Ōhōri Tsuruhime

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Ōhōri Tsuruhime

大祝鶴姫
Born
Ōhōri Tsuruhime (大祝鶴姫)

1526, Iyo Province
Died1543, Iyo Province
Resting placeBunkyō, Tokyo
Known forTsuruhime Densetsu
PartnerYasunari Ochi (fiance)[1]
ParentŌhōri Yasumochi (father)
RelativesKono clan

Tsuruhime (鶴姫) or Ōhōri Tsuruhime (大祝鶴姫, 1526–1543) was a Sengoku period female warrior (Onna-musha). She was the daughter of Ōhōri Yasumochi, a chief priest of Ōyamazumi Shrine on the island of Ōmishima in Iyo Province. She went to battle several times, and her claim to divine inspiration coupled with fighting skills has led to her being compared with Joan of Arc.[2][3][4] Tsuruhime's legacy established her as one of the most recognizable female warriors in Japanese history.[2]

Life[edit]

Ōyamazumi Shrine on the island Ōmishima.

Ōhōri Tsuruhime was born in 1526.[2] She was the third daughter of Ōhōri Yasumochi, chief priest (Kannushi) of the Ōyamazumi Shrine, on the island of Ōmishima, north of Iyo province and about 30 miles southeast of Hiroshima.[2] The island is in the Seto Inland Sea of Japan (Setouchi). The Shinto shrine was founded in 594 and is dedicated to Ōyamatsumi, the older brother of the Japanese sun goddess Amaterasu, the god of mountains, seas and wars. The temple was a place of pilgrimage for samurai, who left weapons and armor as a sacrifice.[5] It gradually became a museum of weaponry.

At that time the island was under threat from the growing power of Ōuchi Yoshitaka (1507-1551) from Yamaguchi on the mainland of Honshu. Yoshitaka owned the regions of Kyushu and Chūgoku. In 1534, a war broke out between the Ōuchi clan and the Kōno clan (野氏) from Shikoku, which owned the Ōyamatsumi Temple.[2] Tsuruhime's two elder brothers were killed during a conflict.[2] In 1541, when Tsuruhime was 15 years old her father died of illness, and she inherited the position of chief priest.[2] She had been trained since childhood in the martial arts, and when the Ōuchi made further attacks against Ōmishima, she led an armed resistance to defend the island.[2] She proclaimed herself the avatar of Myojin of Mishima (三島 明 神), a powerful kami shrine.[2][6] She led an army into battle and drove the Ōuchi samurai back into the sea when they raided Ōmishima in 1541.[2]

Four months later the invaders returned. Tsuruhime led troops with a surprise counterattack on the enemy ships.[2] While an Ōuchi general, Ohara Takakoto, was being entertained on his flagship, he came under attack by Tsuruhime in a raid.[2] She successfully boarded general Takakoto's ship and summoned him to a duel.[2] According to another version, Tsuruhime secretly climbed onto the ship where the Ouchi samurai were feasting.[7] At first Takakoto mocked her presumption, but Tsuruhime won the duel and killed Takakoto. One account states that "Takatoto's disrespectful words to Tsuruhime were sharp, but not as sharp as the sword with which she stabbed him in return."[5] This was followed by a deluge of hōrokubiya (焙烙火矢; spherical exploding bombs) from Tsuruhime's allies to destroy many ships, which drove the Ōuchi fleet away.[2] In 1543, when Tsuruhime was seventeen, she rejoined battling the Ōuchi. Sue Harukata's fleet defeated the Kono clan's troops. Tsuruhime was overcome with grief after hearing that her fiancé, Yasunari Ochi[1] (born in 1522), had been killed in action. Tsuruhime set up an ambush, in which she defeated Ouchi's army. According to legend, she committed suicide by drowning due to grief for her beloved. Her last words were:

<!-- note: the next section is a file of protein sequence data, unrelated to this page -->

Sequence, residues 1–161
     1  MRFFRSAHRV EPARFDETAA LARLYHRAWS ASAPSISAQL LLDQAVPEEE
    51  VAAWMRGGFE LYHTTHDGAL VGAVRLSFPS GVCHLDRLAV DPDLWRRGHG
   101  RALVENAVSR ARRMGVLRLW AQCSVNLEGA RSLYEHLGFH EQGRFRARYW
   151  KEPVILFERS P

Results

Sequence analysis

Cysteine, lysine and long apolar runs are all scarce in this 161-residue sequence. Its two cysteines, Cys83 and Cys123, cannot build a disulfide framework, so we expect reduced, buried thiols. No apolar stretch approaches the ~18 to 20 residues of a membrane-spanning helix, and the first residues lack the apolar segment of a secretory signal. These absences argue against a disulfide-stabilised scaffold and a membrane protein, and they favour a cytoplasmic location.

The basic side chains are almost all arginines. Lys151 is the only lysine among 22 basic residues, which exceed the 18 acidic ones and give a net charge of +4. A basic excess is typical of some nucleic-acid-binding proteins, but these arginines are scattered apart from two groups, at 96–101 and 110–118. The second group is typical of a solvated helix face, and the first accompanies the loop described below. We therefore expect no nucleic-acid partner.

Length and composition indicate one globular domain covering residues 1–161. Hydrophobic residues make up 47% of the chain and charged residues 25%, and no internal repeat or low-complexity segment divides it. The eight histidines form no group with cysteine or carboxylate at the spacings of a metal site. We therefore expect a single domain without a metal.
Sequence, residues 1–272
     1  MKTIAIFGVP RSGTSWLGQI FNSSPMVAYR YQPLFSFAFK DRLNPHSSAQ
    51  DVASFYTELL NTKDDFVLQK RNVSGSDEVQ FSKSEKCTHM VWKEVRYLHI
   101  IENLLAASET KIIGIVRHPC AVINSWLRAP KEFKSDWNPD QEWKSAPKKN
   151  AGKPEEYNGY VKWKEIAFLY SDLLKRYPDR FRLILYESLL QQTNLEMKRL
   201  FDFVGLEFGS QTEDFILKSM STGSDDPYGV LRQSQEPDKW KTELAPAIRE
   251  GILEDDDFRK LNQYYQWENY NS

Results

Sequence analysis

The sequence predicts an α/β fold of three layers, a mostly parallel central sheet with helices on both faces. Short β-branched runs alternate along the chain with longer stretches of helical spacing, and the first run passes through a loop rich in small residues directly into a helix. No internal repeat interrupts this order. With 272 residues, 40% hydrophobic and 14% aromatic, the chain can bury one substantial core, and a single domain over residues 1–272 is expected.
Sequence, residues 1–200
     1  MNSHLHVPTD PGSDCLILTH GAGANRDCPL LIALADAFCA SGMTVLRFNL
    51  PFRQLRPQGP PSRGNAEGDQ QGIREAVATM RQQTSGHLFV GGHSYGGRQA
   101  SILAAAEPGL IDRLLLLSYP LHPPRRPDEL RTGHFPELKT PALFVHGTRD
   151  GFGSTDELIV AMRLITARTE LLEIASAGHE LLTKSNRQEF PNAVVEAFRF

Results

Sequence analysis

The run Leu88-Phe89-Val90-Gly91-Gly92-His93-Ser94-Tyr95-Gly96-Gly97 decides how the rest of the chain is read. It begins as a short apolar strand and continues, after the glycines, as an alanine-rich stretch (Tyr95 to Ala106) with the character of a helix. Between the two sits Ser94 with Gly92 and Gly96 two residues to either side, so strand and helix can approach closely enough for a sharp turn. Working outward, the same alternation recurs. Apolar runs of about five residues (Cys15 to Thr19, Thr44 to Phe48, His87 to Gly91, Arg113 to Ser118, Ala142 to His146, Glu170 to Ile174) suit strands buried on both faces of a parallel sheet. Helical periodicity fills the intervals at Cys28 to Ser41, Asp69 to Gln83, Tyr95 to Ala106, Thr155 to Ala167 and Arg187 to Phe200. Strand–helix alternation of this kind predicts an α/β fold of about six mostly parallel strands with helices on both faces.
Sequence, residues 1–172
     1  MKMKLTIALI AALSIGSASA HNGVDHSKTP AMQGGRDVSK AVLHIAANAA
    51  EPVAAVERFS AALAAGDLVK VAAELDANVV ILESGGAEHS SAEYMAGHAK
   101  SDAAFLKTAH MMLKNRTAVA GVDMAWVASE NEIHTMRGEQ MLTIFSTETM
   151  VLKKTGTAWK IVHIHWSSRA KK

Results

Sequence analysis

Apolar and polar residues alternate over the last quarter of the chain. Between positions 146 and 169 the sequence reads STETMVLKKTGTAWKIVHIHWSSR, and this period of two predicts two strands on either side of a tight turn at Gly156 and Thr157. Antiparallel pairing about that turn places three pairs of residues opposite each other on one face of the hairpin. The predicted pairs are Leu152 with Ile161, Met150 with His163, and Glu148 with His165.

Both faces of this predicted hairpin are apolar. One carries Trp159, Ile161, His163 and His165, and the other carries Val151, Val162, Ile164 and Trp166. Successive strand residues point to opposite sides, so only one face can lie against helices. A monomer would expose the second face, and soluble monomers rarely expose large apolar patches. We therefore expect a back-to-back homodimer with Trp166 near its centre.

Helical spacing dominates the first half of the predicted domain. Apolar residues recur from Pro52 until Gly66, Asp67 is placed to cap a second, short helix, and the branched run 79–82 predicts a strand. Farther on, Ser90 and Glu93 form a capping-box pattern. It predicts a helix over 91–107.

As Mishima's ocean as my witness, my love shall be engraved with my name.

Though she is romanticized to have died when she was young, there are no known contemporary records that confirm it.

Legacy[edit]

The Dō-maru armor kept in Ōyamazumi Shrine is considered the armor worn by Tsuruhime in battle.[2] In 1959, the armor was included in the Lists of National Treasures of Japan. The Shrine holds festivals and processions in honor of Tsuruhime. The procession is led by a woman dressed in a Tsuruhime costume. Kyōtei boat races are held and many people attend the celebrations.[7][4]

Tsuruhime became more famous among the general public by the 1966 book Sea, Woman & Armor - Jeanne d'Arc of Setouchi (海と女と鎧―瀬戸内のジャンヌ・ダルク), written by the author Mishima Yasukiyo (三島 安精).

See also[edit]

References[edit]

  1. ^ a b "河野家 家臣団 (Kono clan vassals)" (in Japanese). Archived from the original on January 8, 2019. Retrieved January 22, 2019.
  2. ^ a b c d e f g h i j k l m n o Turnbull, Stephen (2010). Samurai Women 1184-1877. Osprey Publishing. p. 38. ISBN 978-1846039515.
  3. ^ "鶴姫伝説:坊っちゃん劇場 - BOTCHAN THEATER". www.botchan.co.jp. Retrieved 2019-04-12.
  4. ^ a b "Mishima Navy Tsuruhime Festival". Japan Travel And Tourism Association. 2019. Retrieved 2019-07-08.
  5. ^ a b Chordas, Peter (2019). "Oyamazumi-jinja Shrine - Japan's Most Extensive Samurai Treasury". The Inland Sea, Setouchi Tourism Authority. Archived from the original on July 8, 2019. Retrieved 2019-07-08.
  6. ^ Haubner, Johannes (2014). Die Macht des Bogens: Japanische Bogenschützen im Spiegel alter Holzschnitte. Verlag Angelika Hörnig. p. 130. ISBN 978-3938921340.
  7. ^ a b Chin, Sarah (2015-11-03). "Badass Women of History: Tsuruhime Ohori". Tufts Observer. Archived from the original on January 16, 2021. Retrieved 2019-07-08.